For instance, State has invested millions of dollars on existing and new facilities in Brazil, China, India and Mexico, which accounted for almost half of the visas issued last year. It also hired more officers in China and Brazil, which increased capacity by about 600,000 and 700,000 interviews, respectively.
Moreover, the department is implementing the Global Support Strategy (GSS) to make the visa application process — the first impression many foreigners have of the U.S. government — easier. Visitors receive application information, schedule appointments, pay fees, arrange for document delivery and in some cases provide fingerprints through one interface before they go to the consular section for their interviews.
“GSS services will soon be provided for 99 percent of our worldwide visa volume,” the State official said. “GSS replaced the previous contractor-provided visa support services at overseas posts with a single contract and comprehensive process for logistical arrangements preceding the actual adjudication process. The system has allowed consular managers to increase per-officer adjudications without adding staff, has improved transparency, and has established uniform service standards and goals.”
For example, under GSS, 14 applicant service centers in Mexico allow visa renewal applicants to complete much of their processing in one visit that averages 20 minutes or less. The result is lower costs to applicants, the official said, because third-party fees are gone.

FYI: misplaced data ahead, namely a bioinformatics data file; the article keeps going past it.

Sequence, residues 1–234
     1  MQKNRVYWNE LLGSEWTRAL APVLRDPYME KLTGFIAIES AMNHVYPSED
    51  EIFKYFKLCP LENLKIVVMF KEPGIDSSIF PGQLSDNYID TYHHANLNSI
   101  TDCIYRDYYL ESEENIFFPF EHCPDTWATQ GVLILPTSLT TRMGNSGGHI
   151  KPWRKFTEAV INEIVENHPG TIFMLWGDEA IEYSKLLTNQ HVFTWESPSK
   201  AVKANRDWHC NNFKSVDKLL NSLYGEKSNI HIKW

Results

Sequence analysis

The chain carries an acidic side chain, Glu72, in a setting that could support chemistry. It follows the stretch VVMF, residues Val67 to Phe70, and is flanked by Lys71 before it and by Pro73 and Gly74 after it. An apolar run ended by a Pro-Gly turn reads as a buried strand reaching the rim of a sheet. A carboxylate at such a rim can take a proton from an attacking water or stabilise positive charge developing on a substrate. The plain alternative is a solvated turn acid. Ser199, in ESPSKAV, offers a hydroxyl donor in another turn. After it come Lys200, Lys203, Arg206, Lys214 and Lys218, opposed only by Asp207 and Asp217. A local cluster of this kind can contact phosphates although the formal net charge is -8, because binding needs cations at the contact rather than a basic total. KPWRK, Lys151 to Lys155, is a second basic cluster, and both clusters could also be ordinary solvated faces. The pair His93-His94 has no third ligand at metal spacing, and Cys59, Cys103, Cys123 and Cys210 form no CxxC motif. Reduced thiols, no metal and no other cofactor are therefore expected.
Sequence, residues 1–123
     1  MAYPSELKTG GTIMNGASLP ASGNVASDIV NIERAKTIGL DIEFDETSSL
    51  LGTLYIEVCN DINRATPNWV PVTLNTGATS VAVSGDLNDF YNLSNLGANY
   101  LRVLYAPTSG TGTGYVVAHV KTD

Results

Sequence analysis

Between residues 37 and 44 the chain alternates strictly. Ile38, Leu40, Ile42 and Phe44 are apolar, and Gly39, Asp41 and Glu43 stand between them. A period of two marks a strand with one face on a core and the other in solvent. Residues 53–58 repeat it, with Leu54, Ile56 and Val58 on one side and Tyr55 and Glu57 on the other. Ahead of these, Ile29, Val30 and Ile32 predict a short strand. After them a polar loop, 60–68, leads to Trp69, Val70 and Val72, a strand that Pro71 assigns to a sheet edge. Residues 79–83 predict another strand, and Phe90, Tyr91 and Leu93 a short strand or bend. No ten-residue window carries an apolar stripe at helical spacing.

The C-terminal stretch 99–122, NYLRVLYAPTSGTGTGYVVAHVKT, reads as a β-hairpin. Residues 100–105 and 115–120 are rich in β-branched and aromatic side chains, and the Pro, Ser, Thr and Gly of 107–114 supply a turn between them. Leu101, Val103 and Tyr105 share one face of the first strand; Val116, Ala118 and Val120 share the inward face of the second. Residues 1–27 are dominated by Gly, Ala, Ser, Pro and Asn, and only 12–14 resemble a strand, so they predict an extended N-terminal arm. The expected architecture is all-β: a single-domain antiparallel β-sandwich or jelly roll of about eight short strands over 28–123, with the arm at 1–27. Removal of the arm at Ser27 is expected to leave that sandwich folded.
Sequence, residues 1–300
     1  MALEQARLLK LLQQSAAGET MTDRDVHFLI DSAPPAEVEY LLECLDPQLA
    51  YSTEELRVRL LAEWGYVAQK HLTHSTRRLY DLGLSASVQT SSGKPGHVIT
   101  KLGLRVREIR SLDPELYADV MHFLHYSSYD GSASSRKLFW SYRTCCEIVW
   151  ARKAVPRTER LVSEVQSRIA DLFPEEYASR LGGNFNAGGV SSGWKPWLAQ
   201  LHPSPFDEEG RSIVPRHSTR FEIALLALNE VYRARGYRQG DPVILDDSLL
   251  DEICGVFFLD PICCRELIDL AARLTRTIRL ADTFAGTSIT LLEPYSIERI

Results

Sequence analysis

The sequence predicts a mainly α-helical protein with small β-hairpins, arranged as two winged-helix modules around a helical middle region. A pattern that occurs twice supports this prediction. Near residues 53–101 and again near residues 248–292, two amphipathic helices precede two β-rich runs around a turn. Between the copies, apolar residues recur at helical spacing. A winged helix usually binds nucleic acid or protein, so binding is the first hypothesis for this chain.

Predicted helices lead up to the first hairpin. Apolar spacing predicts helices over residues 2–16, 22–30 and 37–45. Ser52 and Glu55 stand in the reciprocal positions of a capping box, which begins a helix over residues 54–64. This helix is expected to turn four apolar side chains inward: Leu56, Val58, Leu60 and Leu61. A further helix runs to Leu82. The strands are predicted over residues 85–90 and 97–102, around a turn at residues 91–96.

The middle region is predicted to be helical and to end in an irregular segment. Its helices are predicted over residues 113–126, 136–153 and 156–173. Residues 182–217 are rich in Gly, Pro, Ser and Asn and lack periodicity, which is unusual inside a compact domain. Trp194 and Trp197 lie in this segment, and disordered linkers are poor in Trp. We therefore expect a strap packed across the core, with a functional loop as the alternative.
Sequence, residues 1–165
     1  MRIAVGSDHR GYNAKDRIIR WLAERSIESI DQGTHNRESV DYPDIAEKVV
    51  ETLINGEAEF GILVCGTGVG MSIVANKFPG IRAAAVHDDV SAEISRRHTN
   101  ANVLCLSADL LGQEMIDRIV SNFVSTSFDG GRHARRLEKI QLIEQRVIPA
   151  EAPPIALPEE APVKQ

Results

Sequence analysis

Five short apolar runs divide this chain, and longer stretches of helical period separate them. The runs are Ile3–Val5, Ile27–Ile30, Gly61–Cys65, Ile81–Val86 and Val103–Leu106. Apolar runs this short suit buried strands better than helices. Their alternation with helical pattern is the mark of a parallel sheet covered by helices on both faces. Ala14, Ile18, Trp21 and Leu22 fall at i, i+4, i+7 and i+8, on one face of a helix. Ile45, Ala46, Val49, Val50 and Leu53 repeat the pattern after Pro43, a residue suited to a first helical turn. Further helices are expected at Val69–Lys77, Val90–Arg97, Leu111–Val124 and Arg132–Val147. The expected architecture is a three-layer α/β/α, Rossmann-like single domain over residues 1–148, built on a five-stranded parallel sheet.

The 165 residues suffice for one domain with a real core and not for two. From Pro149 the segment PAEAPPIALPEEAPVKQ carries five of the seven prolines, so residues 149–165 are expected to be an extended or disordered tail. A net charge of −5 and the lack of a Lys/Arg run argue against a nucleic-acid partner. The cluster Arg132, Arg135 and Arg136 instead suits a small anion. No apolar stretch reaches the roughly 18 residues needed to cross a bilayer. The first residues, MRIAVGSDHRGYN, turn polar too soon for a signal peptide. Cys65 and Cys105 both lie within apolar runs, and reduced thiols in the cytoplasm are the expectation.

Additionally, State officials now interview more than 92 percent of applicants within three weeks of their appointment request, the official noted.
“They instituted changes that have really made the process more efficient without taking away the security protocols,” said Patricia Rojas-Ungár, vice president of government relations at the U.S. Travel Association.
The association surveyed 1,200 overseas travelers in 2013 and found that 43 percent said they would recommend avoiding a trip to the United States because of hassles with the entry process.
“The fastest way to grow our international inbound travel is by increasing the Visa Waiver Program,” Rojas-Ungár said. “We’d like to see new countries added to the program,” such as Brazil, Croatia, Israel and Poland.
She would also like to see the term length for multiple entries on one visa for Chinese nationals extended from one year to at least five. For Brazilians, U.S. visas are good for 10 years.
“That means there are less people doing renewals who are clogging up the line,” Rojas-Ungár said.
Overseas tourism is about more than the economy, however. It can also help foster international diplomacy.
“We really think that the best ambassadors to the U.S. are actual American citizens here in our country,” Rojas-Ungár said, “and research has shown that when people come to the United States, they’re more likely to have a better impression of Americans, our culture and our policies, so we do believe that this is the best foreign policy out there.”
About the Author
Stephanie Kanowitz is a contributing writer for The Washington Diplomat.